Friday, March 23, 2018

Born Today in 1904, Iconic Hollywood Star Joan Crawford

Joan Crawford was born today, March 23, in probably 1904, though the year of her birth is uncertain. She was an American film and television actress who began her career as a dancer and stage showgirl. In 1999, the American Film Institute ranked Crawford 10th on its list of the greatest female stars of Classic Hollywood Cinema.

Beginning her career as a dancer in traveling theatrical companies, before debuting as a chorus girl on Broadway, Crawford signed a motion picture contract with Metro-Goldwyn-Mayer in 1925. In the 1930s, Crawford's fame rivaled, and later outlasted, MGM colleagues Norma Shearer and Greta Garbo. 

Crawford often played hard-working young women who find romance and success. These stories were well received by Depression-era audiences and were popular with women. Crawford became one of Hollywood's most prominent movie stars and one of the highest-paid women in the United States, but her films began losing money and, by the end of the 1930s, she was labelled "box office poison." 

Her career gradually improved in the early 1940s, and she made a major comeback in 1945 by starring in Mildred Pierce, for which she won the Academy Award for Best Actress. She would go on to receive Best Actress nominations for Possessed (1947) and Sudden Fear (1952). She continued to act in film and television throughout the 1950s and 1960s; she achieved box office success with the highly successful horror film Whatever Happened To Baby Jane? (1962), in which she starred alongside Bette Davis, her long-time rival.

In 1955, Crawford became involved with the Pepsi-Cola Company through her marriage to company Chairman Alfred Steele. After his death in 1959, Crawford was elected to fill his vacancy on the board of directors, serving until she was forcibly retired in 1973. After the release of the British horror film Trog in 1970, Crawford retired from the screen. Following a public appearance in 1974, after which unflattering photographs were published, Crawford withdrew from public life and became increasingly reclusive until her death from a heart attack on May 10, 1977.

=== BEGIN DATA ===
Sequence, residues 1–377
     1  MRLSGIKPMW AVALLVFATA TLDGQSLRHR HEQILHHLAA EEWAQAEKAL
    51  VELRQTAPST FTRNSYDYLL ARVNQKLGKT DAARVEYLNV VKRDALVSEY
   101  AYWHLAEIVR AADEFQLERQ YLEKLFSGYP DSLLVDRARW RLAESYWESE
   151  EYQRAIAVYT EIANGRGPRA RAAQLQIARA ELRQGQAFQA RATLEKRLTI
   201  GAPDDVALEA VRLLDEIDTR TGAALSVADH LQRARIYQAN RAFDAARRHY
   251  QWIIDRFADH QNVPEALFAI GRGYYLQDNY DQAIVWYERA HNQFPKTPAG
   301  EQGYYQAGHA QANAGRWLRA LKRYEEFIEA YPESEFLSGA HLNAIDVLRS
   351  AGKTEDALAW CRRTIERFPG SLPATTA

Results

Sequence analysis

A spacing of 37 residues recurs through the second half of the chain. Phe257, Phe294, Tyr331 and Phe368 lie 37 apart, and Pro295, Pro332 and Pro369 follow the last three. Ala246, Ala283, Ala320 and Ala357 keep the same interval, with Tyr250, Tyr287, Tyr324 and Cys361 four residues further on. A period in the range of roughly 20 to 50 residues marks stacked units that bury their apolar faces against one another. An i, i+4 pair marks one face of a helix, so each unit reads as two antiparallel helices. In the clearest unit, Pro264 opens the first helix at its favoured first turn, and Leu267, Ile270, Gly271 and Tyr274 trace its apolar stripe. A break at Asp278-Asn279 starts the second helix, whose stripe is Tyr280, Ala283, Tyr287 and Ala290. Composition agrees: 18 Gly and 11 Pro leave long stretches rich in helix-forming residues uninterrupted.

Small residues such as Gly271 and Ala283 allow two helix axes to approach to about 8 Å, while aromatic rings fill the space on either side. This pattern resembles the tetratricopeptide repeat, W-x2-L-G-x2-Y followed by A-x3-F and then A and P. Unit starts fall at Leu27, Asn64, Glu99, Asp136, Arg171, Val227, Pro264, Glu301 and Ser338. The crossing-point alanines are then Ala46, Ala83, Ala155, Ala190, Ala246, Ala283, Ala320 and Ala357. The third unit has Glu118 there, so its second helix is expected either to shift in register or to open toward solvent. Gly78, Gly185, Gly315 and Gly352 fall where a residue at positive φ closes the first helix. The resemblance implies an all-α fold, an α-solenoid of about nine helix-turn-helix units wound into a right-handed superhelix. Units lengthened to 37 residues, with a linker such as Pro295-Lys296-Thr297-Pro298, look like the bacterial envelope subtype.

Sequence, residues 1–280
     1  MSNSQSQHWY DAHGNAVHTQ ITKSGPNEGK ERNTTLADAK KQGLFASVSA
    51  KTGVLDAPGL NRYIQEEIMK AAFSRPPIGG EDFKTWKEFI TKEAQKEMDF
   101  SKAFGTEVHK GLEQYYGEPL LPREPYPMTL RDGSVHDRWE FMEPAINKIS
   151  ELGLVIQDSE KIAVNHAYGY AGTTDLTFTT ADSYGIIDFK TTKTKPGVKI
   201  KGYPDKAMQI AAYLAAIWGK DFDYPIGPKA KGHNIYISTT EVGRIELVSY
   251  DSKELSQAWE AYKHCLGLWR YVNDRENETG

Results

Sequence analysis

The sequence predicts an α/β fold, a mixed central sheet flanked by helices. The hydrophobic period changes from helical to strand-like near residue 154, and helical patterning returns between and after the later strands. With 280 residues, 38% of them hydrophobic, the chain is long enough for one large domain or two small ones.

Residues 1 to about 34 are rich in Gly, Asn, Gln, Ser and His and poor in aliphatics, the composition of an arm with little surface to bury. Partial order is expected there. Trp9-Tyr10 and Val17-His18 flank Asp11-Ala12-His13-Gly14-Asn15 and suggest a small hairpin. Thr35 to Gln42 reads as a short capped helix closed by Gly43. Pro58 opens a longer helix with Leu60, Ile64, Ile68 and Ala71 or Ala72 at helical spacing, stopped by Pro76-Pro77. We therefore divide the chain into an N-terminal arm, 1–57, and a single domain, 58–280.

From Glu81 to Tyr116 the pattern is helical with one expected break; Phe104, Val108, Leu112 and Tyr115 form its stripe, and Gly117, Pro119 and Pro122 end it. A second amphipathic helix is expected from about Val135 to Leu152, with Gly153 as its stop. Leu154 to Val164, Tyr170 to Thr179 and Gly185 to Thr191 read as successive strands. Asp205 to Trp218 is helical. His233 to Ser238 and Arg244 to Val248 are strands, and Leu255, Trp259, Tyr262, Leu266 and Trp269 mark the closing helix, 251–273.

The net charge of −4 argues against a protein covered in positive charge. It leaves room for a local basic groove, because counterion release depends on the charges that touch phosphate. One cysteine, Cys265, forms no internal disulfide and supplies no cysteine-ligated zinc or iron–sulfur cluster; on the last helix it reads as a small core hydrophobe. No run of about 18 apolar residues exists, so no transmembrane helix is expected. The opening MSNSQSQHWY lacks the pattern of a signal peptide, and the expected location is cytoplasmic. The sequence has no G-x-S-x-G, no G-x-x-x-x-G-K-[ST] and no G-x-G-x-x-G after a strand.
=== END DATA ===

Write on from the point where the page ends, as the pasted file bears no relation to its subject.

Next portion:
Crawford married four times. Her first three marriages ended in divorce; the last ended with the death of husband Alfred Steele. She adopted four children. Crawford's relationships with her two elder children, Christina and Christopher, were acrimonious. Crawford disinherited the two, and, after Crawford's death, Christina wrote a well-known "tell-all" memoir titled Mommie Dearest (1978), which later became a film starring Faye Dunaway.

More recently she was portrayed by Jessica Lange in the 2017 FX television series, Feud, subtitled Bette and Joan, about the rivalry between Crawford and Bette Davis. 

The blog GO! Magazine reports in an post titled, "Queer Women History Forgot: Joan Crawford:"

In the Golden Age of Hollywood, queer stars were deep in the closet, and it’s only later in life through diaries, biographies and personal accounts that some of these histories are revealed. Crawford, an actress made famous for her roles in Baby Jane and Mildred Pierce among several other stage and screen performances, was said to have had romantic entanglements with both Marilyn Monroe, Barbara Stanwyck and Greta Garbo. According to The Fixers: Eddie Mannix, Howard Strickling and the MGM Publicity Machine, Crawford was even part of a sexually explicit Sapphic film that American film producer and studio exec Eddie Mannix hid and eventually destroyed to protect her career. The book also detailed her love of “Harlem’s lesbian clubs, known for live sex shows called ‘buffet flats’ and sex between audience members.”

Crawford was married to men four times throughout her life and had four children, some of which is documented in the classic Mommie Dearest, based on a memoir by Crawford’s adopted daughter, Christina. Christina confirmed her mother’s lesbian affairs with Joy Behar in 2010, saying, “I understand that, of course I was very young. But I understand that, yes. In those days, people didn’t come out of the closet. Everybody knew it, but it wasn’t public information. And then the studios completely controlled all the publicity, so no matter whether people were gay, straight, murderers, child abusers, they kept it all secret. And then slowly, slowly, slowly the studios lost their powers over the stars, and the truth started to come out. … I think she was bisexual. That’s what I think.”

See full post here.

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